…everything stays the same at Maranello. There is a contract for the Brazilian driver and Ferrari chairman Luca di Montezemolo says that this will be respected. There is no reason for anything to change. Unless… things change.
Montezemolo is still being tipped as the man most likely to be called upon when (rather than if) Silvio Berlusconi’s government finally collapses. In the course of the week, in addition to a string of legal actions against the Prime Minister, confidence in the Italian economy has taken a dive after the Italian parliament voted through a $67 billion austerity programme, with cuts in education, health care and the funding of regional governments. Pensions are being cut, government salaries frozen and taxes being increased. The hope is that the measures will stop Italy sliding into a debt crisis similar to that in Greece.
Italy has vast debts, amounting to a startling 120 per cent of the country’s annual gross domestic product and the finance minister Giulio Tremonti is insisting that the cuts are necessary to avoid the debt getting out of control. One of the primary problems is that the government is not collecting as much tax as it should be collecting, given the population as large numbers of people are failing to declare their income correctly. The country also suffers from not being competitive and the government has not done much to reform the system. Unemployment is high.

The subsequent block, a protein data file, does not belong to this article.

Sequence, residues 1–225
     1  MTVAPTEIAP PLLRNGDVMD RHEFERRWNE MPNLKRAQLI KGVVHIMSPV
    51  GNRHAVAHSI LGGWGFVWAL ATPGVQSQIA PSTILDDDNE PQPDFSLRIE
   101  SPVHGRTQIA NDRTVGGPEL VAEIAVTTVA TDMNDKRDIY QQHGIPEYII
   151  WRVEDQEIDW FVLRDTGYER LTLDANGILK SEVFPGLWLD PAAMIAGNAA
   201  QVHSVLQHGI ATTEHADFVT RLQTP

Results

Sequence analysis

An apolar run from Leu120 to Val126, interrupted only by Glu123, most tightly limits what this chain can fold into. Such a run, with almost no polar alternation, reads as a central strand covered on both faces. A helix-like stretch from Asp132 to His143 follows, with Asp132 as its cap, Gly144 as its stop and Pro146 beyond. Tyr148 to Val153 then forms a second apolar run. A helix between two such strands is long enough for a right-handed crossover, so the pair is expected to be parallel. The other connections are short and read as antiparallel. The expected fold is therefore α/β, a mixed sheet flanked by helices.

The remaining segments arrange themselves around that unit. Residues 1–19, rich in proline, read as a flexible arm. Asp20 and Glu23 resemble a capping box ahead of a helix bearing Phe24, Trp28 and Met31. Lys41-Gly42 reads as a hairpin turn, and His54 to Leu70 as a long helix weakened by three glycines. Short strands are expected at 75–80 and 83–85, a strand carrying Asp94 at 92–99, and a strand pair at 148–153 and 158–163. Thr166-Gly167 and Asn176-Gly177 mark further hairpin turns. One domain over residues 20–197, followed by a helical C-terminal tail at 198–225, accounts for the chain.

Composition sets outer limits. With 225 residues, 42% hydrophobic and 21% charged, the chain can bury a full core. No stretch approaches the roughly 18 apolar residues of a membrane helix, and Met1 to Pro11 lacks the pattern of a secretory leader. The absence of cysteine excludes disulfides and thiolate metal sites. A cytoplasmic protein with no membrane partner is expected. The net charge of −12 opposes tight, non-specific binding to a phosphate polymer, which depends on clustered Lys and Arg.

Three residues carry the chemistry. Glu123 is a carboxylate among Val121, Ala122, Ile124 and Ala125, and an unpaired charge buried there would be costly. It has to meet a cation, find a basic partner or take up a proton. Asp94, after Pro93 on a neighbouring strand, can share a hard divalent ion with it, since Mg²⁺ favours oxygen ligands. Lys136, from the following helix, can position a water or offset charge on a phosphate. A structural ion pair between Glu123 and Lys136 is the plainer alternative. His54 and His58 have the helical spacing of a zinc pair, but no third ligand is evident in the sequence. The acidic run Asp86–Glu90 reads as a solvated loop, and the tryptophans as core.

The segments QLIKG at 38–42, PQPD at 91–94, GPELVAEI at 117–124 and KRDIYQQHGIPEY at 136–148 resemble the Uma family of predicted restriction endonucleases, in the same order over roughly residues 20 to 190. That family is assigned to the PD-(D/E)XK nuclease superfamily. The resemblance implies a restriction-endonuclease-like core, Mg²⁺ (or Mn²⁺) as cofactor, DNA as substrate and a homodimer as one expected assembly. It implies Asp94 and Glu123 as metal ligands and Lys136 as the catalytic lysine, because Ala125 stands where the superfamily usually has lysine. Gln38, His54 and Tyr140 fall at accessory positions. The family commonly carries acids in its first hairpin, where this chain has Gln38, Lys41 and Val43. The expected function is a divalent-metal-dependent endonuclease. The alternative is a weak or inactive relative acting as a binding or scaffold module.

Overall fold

Montezemolo has a great reputation for getting things done and he has been carefully nurturing the concept that Italians must be united to solve the country’s problems. Although he says he does not want to go into politics, the signs are that he will. And what happens at Ferrari after that?
As previously reported, one of the ideas is to have Agnelli Family heir Lapo Elkann take over as chairman, with Fiat boss Sergio Marchionne keeping an eye on what is going on. That could lead to changes that would affect the racing team.
It may end up that nothing happens to the team for 2012 but Felipe Massa’s contract is up at the end of next year and it is highly unlikely that he will be retained again, based on the results he has achieved in the last two years.